First-generation mentoring program recognized nationally

First-generation mentoring program strive to provide opportunities for students who are the first among their family to go to a four-year university, helping them successfully transition into university and do well while they are in the university.

The Center for First-generation Student Success named Washburn University as a First Forward institution, which made Washburn First-generation mentoring program get recognized nationally.

“It is an honor of everyone here and work for first generation students. So, it may start out as just kind of is anyone doing anything interesting. And it develops in an organic manner. But it only happens because the Washburn community is working hard on this topic and is committed to first generation students,” stated professor Alan Bearman, professor of history and the dean of University Libraries and the Center for Student Success and Retention at Washburn University.

“This is really a recognition of the whole university. And it’s a recognition of our heart, people from all over the campus, from the academics in the classrooms, Student Life, and One Stop. It’s a recognition of how hard it was working trying to help first-generation students succeed. So, I would want people to really proud about their efforts… This recognition means that we get access to other great schools that we can learn more from, so that we can do more good. And I would want students to know, especially the first-generation students, that this is the right place for them, because we are working hard to help them, and we care about them,” said Bearman.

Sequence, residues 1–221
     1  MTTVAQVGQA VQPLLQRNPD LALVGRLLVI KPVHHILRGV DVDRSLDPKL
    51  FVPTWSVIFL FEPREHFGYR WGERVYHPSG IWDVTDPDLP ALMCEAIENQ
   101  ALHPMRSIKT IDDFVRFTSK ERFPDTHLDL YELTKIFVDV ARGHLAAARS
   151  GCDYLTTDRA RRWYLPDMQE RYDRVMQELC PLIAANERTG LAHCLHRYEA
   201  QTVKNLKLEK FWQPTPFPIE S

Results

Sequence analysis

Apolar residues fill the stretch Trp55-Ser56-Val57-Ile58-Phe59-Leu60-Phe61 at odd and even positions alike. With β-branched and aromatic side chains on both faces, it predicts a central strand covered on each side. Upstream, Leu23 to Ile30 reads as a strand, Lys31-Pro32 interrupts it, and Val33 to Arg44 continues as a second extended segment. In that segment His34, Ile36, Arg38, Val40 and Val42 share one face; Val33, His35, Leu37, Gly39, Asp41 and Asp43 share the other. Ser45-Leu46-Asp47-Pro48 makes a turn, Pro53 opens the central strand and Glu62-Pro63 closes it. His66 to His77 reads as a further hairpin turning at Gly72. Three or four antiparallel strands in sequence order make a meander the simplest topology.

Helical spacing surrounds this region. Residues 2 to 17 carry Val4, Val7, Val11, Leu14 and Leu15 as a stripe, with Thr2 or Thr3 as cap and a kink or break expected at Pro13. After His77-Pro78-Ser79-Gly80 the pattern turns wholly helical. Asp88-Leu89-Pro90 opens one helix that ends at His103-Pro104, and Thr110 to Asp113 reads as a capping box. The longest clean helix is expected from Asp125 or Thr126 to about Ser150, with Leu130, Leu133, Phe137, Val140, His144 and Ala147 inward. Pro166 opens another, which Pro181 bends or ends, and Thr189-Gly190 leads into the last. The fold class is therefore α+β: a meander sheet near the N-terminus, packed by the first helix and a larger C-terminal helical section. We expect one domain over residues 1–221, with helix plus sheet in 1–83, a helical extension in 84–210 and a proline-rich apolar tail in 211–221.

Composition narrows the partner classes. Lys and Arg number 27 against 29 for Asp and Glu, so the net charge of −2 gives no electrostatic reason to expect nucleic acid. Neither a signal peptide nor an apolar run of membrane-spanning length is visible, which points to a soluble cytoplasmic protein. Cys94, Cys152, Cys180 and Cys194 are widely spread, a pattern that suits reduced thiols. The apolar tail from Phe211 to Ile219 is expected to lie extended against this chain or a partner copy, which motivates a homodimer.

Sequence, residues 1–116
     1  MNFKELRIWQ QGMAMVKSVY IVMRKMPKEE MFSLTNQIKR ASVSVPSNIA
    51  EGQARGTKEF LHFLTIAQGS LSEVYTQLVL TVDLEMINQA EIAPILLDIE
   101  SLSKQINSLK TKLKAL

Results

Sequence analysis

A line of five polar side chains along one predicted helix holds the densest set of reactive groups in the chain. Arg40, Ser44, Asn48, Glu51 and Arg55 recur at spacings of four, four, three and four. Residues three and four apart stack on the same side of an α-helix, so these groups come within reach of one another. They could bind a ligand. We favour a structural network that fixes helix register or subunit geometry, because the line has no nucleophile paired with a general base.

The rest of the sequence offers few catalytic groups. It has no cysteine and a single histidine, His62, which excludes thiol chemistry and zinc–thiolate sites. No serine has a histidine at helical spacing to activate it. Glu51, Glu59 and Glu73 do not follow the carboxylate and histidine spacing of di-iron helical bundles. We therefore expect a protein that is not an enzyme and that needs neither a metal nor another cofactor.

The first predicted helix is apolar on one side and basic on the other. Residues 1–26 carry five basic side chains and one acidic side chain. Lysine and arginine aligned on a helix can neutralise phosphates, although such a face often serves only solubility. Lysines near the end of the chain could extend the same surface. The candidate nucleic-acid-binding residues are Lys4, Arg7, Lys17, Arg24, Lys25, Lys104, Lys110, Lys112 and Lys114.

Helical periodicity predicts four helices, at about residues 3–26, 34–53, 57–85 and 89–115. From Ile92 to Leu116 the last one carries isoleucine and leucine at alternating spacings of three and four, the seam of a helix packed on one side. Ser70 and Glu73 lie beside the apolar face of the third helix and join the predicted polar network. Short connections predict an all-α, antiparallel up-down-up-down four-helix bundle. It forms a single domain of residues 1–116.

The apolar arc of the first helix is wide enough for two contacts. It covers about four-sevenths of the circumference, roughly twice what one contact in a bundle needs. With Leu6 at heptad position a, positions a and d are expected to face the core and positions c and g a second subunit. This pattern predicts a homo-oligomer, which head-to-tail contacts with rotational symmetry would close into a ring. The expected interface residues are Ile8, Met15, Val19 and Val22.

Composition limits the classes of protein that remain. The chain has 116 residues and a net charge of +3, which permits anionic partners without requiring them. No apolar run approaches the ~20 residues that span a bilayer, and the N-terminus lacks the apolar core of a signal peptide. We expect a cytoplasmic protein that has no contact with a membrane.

There was a first-generation student who has graduated from Washburn. Bearman met her in her first semester. She was struggling a little bit because she was overwhelmed by everything.

“She was so lacking in confidence, not in ability, she had tons of ability. And over time, working with her, getting her mentor… her confidence started to build. When she walked cross the stage got her diploma, she looked me right in the eyes and said thank you… I never will forget her eyes… she was just like a different person,” said Bearman.

Jessica De La Rosa, junior, double major in communication and sociology, minor in history, is a first-generation student at Washburn.

“I know there are lots of first-generation students that don’t really want to come out and say, I need help, or I don’t even know what this is… Just ask for help. Don’t be afraid of anything… Don’t be afraid to speak up, make more connections,” said Rosa, “That’s another beneficial thing that my mentor brought me, a lot of connections, a lot of people I met because of her, a lot of knowledge to law school. I mean, she gave me a lot. She opened doors for that and I am thankful for it.”

“Believe in yourself, you can do this. Go to class, ask for help, but believe in yourself, and we are here to help,” said Bearman.